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Clin J Am Soc Nephrol. 2009 Nov;4(11):1724-30. doi: 10.2215/CJN.01860309. Epub 2009 Sep 17.

Longitudinal formulas to estimate GFR in children with CKD.

Author information

1
Johns Hopkins Bloomberg School of Public Health, 615 North Wolfe Street, Baltimore, MD 21205, USA. agump@jhsph.edu

Abstract

BACKGROUND AND OBJECTIVES:

Whereas current GFR estimating equations approximate direct GFR measurement at a single time point, formulas that capitalize on changes in easily measured biologic parameters could improve the accuracy and precision of GFR estimation.

DESIGN, SETTING, PARTICIPANTS, & MEASUREMENTS:

In the Chronic Kidney Disease in Children Cohort (aged 1 to 16 yr), we measured GFR by plasma disappearance of iohexol (iGFR) and biomarkers in the first two annual visits. Models took the form GFR(2) = a[GFR(1)/40](b)[X(2)/X(1)](c), where GFR(2) and GFR(1) represented the current and previous years' iGFR, 40 ml/min per 1.73 m(2) was the cohort mean, and X(2)/X(1) was the change in predictors over time. Using data from 360 participants with a median age of 12.1 yr, we evaluated the predictive performance of a past GFR measurement and 20 other variables using a two-thirds random sample of the data. A one-third sample was reserved for validation.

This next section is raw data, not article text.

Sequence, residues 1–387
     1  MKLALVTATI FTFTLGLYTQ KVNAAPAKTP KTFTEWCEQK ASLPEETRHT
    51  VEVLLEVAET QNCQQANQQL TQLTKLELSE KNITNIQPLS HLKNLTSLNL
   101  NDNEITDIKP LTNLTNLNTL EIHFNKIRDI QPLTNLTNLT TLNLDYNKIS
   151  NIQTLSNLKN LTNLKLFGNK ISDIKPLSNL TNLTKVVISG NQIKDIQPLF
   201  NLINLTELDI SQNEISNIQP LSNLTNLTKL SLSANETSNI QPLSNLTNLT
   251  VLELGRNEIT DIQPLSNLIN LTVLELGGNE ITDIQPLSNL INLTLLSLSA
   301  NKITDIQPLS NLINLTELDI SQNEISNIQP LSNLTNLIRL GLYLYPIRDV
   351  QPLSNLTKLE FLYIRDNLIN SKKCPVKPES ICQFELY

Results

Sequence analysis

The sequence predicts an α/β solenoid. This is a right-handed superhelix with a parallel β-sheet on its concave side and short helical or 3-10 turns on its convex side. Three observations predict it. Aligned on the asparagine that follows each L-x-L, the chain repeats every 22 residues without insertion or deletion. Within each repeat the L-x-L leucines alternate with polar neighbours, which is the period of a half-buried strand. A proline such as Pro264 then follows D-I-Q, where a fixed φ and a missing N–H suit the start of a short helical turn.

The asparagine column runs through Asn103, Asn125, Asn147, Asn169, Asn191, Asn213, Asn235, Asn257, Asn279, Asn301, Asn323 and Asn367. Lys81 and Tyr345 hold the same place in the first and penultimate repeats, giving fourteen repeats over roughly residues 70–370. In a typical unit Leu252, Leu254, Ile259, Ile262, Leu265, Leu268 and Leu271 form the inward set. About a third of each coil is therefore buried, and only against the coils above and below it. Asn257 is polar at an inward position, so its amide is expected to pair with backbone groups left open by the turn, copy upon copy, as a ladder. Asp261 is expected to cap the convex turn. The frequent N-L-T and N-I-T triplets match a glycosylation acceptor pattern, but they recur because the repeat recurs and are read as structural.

RESULTS:

Previous iGFR measurements were strongly predictive of subsequent iGFR and adding change in height/serum creatinine significantly improved the explanatory power to 78%. In the validation set, the correlation between estimated and measured GFR was 0.88, and 48 and 88% of estimated GFRs were within 10 and 30% of observed iGFRs. When the past GFR measurement was not used, addition of change in markers to a cross-sectional model did not improve prediction.

CONCLUSIONS:

Longitudinal formulas to estimate iGFR capitalize on the high predictive power of previous iGFR measurements and in this study yielded a parsimonious prediction model with the potential for assessing progression in the clinical setting.

PMID:
19808217
PMCID:
PMC2774961
DOI:
10.2215/CJN.01860309
[Indexed for MEDLINE]
Free PMC Article

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